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What the PUMP Act Means for Working Parents

Learn what you need to know about the PUMP Act and how companies are gearing up to provide parents with the resources they need to thrive.
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By Wyndi Kappes, Associate Editor
Updated April 28, 2023
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While the benefits of breastmilk are repeatedly touted, for many working mothers, pumping on the job isn’t easy. Whether you’re worried about taking breaks or struggle to find a private place to pump, a variety of barriers have kept working parents from pumping, and at times, kept mothers out of the workplace.

But breastfeeding parents have a new reason to celebrate! The federal government recently passed the Providing Urgent Maternal Protections (PUMP) for Nursing Mothers Act in December 2022. The law, which amends the 2010 Break Time for Nursing Mothers provision of the Fair Labor Standards Act (FLSA), officially went into effect on April 28 and provides increased protections for breastfeeding moms while outlining employee rights.

Below we share what you need to know about the PUMP Act, how it can help you along your pumping journey and how companies are gearing up to provide parents with the resources they need to thrive!

What is the PUMP Act?

The PUMP Act extends workplace lactation accommodation rights to approximately 9 million parents who were not previously covered by the 2010 FLSA law. The law applies to all breastfeeding workers, both non-exempt (e.g., hourly) and exempt (e.g., salaried), with exceptions for airline pilots, flight attendants and companies with less than 50 employees. The PUMP Act requires that all employers provide a private, non-bathroom space, free from intrusion for lactation purposes.

Changes Made by the PUMP Act:

Salaried Workers Are Now Covered: The PUMP Act extends workplace lactation accommodation rights to approximately 9 million women. Exempt (i.e. salaried) employees are now covered under the new legislation.

Work During Pumping Time Is Compensated: The PUMP Act clarifies that if parents are not relieved of duties while pumping, then that time counts as hours worked. Employers still must provide reasonable break time for breastfeeding employees up to one year after the child’s birth.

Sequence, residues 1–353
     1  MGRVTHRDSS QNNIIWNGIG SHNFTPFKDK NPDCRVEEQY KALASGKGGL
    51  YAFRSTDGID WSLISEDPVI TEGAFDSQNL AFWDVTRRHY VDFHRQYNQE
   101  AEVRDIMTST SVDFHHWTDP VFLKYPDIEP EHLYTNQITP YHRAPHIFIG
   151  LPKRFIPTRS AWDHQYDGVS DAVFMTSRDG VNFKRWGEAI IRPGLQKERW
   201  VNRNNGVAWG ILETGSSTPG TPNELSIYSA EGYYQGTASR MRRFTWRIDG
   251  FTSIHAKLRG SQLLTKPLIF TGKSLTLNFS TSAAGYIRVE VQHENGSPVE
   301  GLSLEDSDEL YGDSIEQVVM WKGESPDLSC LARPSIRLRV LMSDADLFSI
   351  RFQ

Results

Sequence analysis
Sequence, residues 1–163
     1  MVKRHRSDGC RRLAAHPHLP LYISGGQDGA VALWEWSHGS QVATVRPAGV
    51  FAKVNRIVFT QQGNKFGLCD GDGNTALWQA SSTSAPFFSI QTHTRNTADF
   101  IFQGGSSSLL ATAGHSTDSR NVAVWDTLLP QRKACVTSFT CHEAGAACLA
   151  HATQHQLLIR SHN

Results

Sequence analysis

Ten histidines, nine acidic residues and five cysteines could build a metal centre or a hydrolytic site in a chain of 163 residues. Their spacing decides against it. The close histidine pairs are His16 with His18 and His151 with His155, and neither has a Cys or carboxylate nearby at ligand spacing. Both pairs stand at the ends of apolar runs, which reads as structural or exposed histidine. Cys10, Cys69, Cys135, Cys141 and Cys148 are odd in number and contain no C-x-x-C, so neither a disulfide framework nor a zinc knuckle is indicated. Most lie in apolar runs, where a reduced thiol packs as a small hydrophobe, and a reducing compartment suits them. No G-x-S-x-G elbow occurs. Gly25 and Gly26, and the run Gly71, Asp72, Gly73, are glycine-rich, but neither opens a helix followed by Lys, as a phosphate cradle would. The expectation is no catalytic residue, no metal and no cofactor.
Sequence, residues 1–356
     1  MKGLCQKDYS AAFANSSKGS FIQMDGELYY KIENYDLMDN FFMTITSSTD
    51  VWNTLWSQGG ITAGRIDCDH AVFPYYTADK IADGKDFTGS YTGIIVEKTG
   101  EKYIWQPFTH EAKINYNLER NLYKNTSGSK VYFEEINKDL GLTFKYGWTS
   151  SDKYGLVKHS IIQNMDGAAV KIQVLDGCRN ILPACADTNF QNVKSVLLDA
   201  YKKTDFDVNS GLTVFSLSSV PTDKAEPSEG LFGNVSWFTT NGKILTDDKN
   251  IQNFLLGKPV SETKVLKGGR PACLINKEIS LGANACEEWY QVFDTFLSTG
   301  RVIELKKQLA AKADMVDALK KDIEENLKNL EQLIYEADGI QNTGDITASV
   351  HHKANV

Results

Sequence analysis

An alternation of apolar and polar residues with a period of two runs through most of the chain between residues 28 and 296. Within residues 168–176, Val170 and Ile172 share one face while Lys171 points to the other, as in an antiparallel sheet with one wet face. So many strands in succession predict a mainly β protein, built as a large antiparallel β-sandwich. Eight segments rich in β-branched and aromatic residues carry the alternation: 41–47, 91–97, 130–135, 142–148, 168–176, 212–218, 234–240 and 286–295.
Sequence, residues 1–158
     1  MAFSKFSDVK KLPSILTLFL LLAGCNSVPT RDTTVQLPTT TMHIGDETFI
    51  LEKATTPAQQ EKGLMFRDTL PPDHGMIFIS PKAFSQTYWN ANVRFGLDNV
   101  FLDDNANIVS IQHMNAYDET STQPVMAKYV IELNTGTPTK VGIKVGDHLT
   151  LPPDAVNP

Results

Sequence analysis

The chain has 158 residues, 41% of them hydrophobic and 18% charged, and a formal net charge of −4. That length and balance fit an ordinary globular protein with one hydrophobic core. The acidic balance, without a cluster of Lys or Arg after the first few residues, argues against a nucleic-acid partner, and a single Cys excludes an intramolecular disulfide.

Back pay and Reinstatement: If an employee makes a complaint and the employer does not comply within 10 days, workers can recover appropriate forms of relief in court for violations, including reinstatement or back pay.

Exemptions: Companies with 50 or fewer employees are exempt if they demonstrate that compliance would impose an “undue hardship.” It also allows a three-year delay for railroad and motorcoach industries and controversially does not cover airline pilots or flight attendants.

Companies Gear Up to Provide More Parents With The Resources They Need

In the past few weeks, popular lactation suite creators Work & Mother and Mamava have both reported an increase in requests for their services. Ahead of the April 28 compliance deadline, Mamava reports that its first-quarter revenue has grown nearly double that of last year in light of new orders. Businesses like Nike, Amazon, Lululemon, 3M, United Airlines, Toyota and DHL have all worked to provide special lactation suites for their employees through Mamava.

“The passage of the PUMP Act ensures that all breastfeeding parents have lactation accommodations at work. We created Mamava to make breastfeeding easier and accessible to all parents, and that requires support in the form of good public policy,” said Sascha Mayer, Co-founder of Mamava and Chief Experience Officer. “As a business, we have planned wisely to meet public policy with the infrastructure that will allow businesses to affordably comply with the law. The momentum of the PUMP Act passage enables us to accomplish our mission to support, celebrate and normalize breastfeeding for parents in the US.”

Profits aside, lactation consultant and Work & Mother founder and CEO founder Abbey Donnell is proud that through The PUMP Act and Work & Mother’s efforts, more women will be given the opportunity to stay and thrive at their jobs. “The PUMP Act is another critical step towards supporting nursing mothers as they return to work. Closing previous loopholes and extending the protections to ensure all working moms are covered, regardless of industry (with the exception of airline flight crewmembers) or salary status," she said.

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What to Do If You Believe Your Company Isn’t Respecting Your Rights

If you believe your workplace is not in compliance with the PUMP Act, you must first notify your employer of their non-compliance and wait 10 days. If your workplace still fails to comply with the PUMP Act, you can file a complaint with the US Department of Labor’s (DOL) Wage and Hour Division. You can see the step-by-step instructions for filing a complaint on the DOL’s website.

The PUMP Act is an important step forward in protecting the rights of lactating parents in the workplace. By providing accommodations, workplaces can create a more supportive and inclusive work environment that benefits both employees and businesses. For more information about the PUMP Act, visit DOL.gov.

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